As James puts it, the blog:
gives a place for professional language geeks to talk about things they can’t talk about in more polite contexts. It’s a sweary blog about swearing.
At the bottom of the new blog you’ll see some familiar names among the contributors. More will be signing up, and we’re very open to ideas for new material. The associated Twitter account is @stronglang.
Some of you may find the idea unappealing, and will not wish to read further. I won’t hold it against you.
It’s early days, and we’re still figuring out the details, but there are several posts up already on a range of topics, including the phonology of cusswords, whether shit is a contronym, and one from me today on great moments of swearing in the horror film The Thing.
My first Strong Language post is featured on the Paris Review blog:
Great moments in swearing: an utterance in John Carpenter’s The Thing helped define our sense of a treasured obscenity.
Ben Zimmer introduces Strong Language to Language Log readers:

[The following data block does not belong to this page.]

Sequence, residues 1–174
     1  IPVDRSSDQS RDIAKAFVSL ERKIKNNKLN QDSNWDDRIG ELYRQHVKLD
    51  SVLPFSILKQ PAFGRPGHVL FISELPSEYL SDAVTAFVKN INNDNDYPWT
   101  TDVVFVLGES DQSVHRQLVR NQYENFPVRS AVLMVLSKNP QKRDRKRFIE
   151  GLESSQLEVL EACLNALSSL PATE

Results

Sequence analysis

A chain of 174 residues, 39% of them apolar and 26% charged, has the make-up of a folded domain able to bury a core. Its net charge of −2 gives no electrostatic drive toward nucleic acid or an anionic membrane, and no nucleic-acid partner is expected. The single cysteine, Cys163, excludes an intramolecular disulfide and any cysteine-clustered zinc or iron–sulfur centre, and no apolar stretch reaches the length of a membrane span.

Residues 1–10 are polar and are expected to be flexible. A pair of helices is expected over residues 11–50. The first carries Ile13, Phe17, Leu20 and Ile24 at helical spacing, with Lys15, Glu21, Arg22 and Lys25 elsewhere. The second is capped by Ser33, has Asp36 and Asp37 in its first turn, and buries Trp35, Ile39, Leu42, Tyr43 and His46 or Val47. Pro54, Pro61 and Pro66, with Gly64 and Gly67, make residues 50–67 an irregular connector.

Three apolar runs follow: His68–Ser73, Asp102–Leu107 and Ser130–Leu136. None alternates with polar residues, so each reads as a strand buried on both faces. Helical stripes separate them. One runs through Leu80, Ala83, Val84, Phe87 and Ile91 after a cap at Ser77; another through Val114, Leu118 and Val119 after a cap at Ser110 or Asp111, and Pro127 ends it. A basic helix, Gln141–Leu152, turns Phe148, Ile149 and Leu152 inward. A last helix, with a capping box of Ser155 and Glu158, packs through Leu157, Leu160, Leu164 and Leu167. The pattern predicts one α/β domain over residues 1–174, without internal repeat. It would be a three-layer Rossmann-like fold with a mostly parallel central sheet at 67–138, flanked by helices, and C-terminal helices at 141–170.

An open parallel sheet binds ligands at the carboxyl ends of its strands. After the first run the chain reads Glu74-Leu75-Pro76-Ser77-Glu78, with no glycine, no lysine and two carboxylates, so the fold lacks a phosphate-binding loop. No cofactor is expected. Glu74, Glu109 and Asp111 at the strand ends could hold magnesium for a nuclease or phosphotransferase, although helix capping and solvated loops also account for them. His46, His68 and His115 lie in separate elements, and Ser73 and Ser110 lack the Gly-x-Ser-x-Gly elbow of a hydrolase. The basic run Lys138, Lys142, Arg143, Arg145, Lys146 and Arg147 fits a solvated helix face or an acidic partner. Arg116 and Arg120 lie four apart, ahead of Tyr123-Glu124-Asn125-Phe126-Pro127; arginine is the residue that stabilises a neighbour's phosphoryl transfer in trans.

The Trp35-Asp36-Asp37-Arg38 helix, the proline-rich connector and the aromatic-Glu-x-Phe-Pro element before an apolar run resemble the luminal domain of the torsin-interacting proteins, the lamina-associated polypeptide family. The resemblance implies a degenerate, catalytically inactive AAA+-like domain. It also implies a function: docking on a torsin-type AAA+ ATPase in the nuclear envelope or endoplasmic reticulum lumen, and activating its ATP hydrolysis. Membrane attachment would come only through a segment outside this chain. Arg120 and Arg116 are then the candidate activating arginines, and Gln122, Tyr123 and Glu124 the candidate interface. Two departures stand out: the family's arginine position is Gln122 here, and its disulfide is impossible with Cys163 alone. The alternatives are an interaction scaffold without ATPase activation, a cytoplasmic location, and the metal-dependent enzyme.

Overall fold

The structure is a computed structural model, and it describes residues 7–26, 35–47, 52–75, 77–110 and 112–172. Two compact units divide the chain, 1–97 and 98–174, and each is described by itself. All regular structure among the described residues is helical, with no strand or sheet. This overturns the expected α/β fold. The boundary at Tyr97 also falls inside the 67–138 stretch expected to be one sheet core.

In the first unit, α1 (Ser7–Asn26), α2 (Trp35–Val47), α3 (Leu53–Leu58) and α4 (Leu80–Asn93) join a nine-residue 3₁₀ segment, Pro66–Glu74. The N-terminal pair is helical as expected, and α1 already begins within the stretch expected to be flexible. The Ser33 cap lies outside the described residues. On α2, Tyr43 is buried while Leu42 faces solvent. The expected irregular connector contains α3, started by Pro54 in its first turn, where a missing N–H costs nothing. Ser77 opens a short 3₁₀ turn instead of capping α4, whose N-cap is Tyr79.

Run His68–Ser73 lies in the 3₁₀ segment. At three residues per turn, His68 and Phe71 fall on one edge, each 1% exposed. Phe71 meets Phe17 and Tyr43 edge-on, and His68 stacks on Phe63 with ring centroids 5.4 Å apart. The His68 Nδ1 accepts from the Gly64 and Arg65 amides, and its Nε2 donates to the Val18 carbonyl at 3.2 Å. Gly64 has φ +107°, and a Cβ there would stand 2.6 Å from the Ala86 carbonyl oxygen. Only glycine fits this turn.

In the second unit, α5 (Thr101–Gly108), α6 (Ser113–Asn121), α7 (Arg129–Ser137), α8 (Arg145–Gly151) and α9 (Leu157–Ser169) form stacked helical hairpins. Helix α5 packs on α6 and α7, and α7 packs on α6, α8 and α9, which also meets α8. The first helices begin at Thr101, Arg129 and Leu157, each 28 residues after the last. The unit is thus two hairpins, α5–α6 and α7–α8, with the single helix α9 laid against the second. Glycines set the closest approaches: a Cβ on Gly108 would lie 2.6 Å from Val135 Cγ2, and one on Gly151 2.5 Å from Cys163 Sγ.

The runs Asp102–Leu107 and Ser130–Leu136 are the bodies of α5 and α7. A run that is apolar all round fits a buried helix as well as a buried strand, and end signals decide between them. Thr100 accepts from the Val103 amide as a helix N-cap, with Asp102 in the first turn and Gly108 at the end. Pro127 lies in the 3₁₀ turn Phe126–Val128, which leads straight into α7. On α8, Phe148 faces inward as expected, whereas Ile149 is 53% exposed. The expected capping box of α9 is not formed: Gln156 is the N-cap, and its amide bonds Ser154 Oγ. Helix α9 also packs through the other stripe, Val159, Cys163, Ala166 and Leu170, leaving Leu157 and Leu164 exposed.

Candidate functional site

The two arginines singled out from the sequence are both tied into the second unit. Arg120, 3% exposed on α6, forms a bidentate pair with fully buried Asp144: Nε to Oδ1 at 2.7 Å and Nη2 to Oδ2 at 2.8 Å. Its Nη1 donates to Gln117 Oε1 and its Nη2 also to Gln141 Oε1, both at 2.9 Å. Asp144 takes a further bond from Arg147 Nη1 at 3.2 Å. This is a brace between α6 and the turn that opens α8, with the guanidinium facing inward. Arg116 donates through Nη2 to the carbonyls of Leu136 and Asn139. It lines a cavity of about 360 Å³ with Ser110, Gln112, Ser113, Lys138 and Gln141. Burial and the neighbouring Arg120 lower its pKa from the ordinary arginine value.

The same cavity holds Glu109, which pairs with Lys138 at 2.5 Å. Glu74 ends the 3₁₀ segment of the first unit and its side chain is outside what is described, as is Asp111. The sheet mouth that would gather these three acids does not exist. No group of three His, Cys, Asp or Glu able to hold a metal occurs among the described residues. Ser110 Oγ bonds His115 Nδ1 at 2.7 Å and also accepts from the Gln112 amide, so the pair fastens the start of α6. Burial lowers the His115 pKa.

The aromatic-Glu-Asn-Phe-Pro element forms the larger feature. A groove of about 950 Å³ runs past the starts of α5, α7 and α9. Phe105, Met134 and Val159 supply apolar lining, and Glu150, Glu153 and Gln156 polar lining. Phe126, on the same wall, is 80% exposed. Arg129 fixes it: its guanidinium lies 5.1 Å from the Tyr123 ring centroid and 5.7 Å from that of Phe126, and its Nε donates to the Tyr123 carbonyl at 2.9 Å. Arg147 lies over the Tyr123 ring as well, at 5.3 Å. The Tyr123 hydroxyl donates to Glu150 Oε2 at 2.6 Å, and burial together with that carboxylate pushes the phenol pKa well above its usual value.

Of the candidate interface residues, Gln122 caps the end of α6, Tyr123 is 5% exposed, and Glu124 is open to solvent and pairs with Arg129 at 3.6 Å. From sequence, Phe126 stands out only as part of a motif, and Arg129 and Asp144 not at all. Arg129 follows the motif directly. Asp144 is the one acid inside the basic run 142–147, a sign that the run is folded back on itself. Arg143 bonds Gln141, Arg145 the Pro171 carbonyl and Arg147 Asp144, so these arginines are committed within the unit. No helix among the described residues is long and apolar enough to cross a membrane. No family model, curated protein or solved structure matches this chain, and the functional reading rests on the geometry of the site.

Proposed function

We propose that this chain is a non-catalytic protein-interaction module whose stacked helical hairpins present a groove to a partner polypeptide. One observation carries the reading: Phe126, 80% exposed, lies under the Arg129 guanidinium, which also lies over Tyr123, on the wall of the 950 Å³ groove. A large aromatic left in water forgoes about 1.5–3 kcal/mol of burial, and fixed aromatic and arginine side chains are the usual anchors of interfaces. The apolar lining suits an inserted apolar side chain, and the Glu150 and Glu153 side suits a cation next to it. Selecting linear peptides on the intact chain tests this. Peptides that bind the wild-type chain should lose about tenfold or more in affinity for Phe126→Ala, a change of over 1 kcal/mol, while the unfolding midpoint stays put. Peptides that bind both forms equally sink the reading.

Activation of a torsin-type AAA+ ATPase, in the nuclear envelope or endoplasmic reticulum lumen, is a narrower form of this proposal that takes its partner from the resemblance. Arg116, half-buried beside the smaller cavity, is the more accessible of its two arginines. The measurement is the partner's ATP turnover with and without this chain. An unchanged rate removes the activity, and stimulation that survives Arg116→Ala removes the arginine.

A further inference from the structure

There’s a new linguablog that’s definitely worth your time if you’re not put off by vulgarities. And if you revel in vulgarities, well, you’re in luck. . . . James and Stan have enlisted a great lineup of contributors (I’m happy to be one of them).
Eugene Volokh gives Strong Language his nod of approval at the Washington Post.
Strong Language just got picked up by MetaFilter.
Language Hat is also happy about it.
Dave Wilton spreads the word at Wordorigins.org.
Katy Waldman at Slate‘s Lexicon Valley blog welcomes the “cheerful temple to the vulgar and profane” that is Strong Language.
Jazmine Hughes at The Hairpin praises Strong Language‘s “scholarly, robust, cool-as-shit deep dive into when and why we swear, where our curses come from, and what, exactly, they mean”.
Laura M. Browning selects Strong Language as a staff pick for the A.V. Club:
Although the blog’s authors are serious about language, they don’t take themselves too seriously, so the posts are as hilarious as they are informative. Plus you’ll pick up some language that would make Malcolm Tucker proud.
And here’s a progress report from March 2015: Strong Language 2: Swear harder.